The market has gone up over time.
But not all the time; far from it.
And therein lies the challenge, for you can’t have one (long-term gain) without the other (short-term pain).
Since 1990, the S&P 500 has returned an impressive 10% per year. And it’s done so despite two 50+% bear markets and being in a drawdown 90% of the time.
Which means that risk is clearly a feature in markets, not a bug, and the main reason why you earn a premium from holding equities over the long run.
But when volatility rises and markets fall, that perspective can be lost. Panic sets in and with it comes the urge to sell. Acting on that urge can be disastrous for investors.
Because panic creates opportunity, and if you’re a long-term investor you want to be a buyer of opportunity, not a seller.
When volatility is at its most extreme levels, the news is filled with nothing but negativity (war, recession, unemployment, bankruptcy, pandemic, etc.). During such times, investors tend to overreact, assuming that things will never get better again. This drives prices and valuations down and prospective long-term returns up.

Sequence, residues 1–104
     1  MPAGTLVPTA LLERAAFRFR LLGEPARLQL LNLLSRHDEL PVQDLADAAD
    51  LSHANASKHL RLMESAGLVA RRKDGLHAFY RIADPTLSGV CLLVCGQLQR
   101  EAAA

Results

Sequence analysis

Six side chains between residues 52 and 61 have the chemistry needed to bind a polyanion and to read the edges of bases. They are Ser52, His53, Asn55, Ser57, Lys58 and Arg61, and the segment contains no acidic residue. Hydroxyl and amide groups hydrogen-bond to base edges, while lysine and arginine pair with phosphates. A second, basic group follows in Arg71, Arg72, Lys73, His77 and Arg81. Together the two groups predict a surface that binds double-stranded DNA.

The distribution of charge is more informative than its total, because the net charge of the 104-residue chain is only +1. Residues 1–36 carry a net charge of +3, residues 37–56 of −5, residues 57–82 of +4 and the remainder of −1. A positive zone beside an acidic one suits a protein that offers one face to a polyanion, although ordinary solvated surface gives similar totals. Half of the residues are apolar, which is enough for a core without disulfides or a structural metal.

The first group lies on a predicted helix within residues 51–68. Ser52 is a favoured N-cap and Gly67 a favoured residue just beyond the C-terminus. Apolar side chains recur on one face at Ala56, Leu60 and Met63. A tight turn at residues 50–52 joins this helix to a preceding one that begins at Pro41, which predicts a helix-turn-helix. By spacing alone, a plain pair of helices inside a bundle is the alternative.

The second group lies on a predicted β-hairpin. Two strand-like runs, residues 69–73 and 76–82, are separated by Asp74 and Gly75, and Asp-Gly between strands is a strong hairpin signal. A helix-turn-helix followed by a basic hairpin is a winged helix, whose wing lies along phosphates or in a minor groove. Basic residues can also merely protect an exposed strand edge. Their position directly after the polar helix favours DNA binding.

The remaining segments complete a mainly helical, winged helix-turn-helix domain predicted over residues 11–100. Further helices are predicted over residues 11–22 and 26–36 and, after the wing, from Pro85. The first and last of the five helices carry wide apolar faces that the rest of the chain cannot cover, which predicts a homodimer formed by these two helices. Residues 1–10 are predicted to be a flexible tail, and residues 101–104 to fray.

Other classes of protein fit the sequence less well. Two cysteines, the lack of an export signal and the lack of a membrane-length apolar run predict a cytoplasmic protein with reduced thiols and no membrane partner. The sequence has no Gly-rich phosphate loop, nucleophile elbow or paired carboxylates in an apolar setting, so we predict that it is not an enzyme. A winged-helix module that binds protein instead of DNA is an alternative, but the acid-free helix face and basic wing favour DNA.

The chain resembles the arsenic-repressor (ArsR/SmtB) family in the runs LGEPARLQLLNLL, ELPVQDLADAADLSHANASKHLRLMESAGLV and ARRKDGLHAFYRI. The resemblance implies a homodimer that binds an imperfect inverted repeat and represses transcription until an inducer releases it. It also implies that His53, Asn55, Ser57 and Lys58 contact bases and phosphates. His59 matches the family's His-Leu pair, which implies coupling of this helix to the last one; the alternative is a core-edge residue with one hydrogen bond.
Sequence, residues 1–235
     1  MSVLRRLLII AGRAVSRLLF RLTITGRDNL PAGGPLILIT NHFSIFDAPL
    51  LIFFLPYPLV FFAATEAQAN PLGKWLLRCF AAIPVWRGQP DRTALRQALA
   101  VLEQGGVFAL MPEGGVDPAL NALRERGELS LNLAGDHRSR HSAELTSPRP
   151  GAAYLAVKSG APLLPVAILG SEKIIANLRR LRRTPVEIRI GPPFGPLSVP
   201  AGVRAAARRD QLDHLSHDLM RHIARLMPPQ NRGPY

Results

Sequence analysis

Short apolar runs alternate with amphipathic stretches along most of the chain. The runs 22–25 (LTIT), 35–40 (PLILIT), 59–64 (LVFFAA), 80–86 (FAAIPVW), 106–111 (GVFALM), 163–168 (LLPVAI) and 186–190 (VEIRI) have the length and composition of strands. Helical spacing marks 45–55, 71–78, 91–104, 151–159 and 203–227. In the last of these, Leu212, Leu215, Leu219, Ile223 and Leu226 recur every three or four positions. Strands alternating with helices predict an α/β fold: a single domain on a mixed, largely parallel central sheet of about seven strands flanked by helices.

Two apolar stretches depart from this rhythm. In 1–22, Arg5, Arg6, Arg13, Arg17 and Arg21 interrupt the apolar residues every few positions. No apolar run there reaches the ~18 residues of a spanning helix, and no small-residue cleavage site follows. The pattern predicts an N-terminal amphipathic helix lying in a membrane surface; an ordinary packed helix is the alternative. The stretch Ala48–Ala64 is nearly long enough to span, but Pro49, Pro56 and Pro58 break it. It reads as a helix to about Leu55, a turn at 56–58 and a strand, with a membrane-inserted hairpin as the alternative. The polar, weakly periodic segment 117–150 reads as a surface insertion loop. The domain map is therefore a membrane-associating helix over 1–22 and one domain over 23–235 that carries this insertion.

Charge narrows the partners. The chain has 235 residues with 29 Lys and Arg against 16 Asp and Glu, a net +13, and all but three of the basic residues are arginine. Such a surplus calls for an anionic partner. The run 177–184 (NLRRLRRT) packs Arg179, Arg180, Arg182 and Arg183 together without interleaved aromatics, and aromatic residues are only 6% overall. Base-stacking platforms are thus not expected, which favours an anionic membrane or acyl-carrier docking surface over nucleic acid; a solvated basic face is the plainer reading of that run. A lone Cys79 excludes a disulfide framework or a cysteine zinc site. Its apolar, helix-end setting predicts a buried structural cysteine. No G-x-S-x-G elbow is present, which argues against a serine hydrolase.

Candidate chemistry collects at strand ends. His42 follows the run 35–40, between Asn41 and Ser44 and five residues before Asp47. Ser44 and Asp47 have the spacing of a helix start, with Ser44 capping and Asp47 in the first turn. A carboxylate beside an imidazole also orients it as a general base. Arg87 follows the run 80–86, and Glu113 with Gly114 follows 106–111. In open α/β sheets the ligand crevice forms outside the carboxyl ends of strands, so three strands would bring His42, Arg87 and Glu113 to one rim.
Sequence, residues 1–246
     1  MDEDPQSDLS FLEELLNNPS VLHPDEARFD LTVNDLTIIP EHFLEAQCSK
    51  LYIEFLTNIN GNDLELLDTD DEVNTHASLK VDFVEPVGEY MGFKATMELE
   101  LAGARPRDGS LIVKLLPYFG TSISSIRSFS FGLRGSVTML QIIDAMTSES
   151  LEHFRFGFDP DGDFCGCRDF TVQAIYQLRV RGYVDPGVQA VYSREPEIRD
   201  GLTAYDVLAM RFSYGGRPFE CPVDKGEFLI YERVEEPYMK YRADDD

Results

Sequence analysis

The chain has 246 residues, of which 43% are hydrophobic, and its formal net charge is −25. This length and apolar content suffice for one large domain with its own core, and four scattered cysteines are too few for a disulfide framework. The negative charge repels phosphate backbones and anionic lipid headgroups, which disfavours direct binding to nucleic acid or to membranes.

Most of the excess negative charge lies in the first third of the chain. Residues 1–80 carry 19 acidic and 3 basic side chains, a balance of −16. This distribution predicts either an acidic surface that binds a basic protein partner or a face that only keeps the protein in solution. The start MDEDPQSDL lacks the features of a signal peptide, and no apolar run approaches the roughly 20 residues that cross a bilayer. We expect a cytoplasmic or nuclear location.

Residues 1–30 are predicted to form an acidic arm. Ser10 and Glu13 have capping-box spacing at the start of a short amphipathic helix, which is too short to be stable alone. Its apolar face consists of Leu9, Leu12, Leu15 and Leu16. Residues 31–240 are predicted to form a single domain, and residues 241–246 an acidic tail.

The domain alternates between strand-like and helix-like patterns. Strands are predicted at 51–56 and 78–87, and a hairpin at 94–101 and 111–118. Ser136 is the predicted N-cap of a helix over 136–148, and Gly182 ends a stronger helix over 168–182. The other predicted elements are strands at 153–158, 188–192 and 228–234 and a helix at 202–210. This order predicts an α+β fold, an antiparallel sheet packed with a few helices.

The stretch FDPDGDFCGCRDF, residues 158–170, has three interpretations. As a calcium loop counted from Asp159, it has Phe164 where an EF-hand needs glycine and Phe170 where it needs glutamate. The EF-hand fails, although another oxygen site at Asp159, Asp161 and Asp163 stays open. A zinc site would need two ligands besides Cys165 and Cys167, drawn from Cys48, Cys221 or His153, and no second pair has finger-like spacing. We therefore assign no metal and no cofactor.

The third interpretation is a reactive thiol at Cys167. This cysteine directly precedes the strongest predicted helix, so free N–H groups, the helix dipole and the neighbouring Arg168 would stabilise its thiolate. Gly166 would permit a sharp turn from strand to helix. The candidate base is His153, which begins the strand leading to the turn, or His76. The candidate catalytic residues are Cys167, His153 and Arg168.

The evidence is clear…
After the highest 10% of weekly closes in the Volatility Index ($VIX above 28.6), the S&P 500 has posted average returns over the next one to five years that are not only positive but well above periods when volatility was lower.
And following the 20 highest weekly closes in the $VIX, we’ve seen the strongest future returns on average.
All of these data points occurred during recessions and bear markets when it seemed as if the world was coming to an end. But it didn’t, and investors who embraced the panic would ultimately reap the rewards. Which is another way of saying that every recession and bear market of the past was eventually followed by an economic expansion and new all-time high in the future.
In 2022, we are once again faced with a highly volatile market, one filled a myriad of reasons to panic and sell (inflation, rising interest rates, Fed tightening, war, economic slowdown, etc.).
The only reason to hold on is the lesson we’ve learned countless times throughout market history.
And that lesson is this: the biggest mistake an investor can make is turning temporary volatility into a permanent loss. That loss is not just the realized one from selling during a drawdown. But also, more importantly, the loss of opportunity to generate real wealth in the future.
“The first rule of compounding is to never interrupt it unnecessarily.” – Charlie Munger
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Disclaimer: All information provided is for educational purposes only and does not constitute investment, legal or tax advice, or an offer to buy or sell any security. For our full disclosures, click here.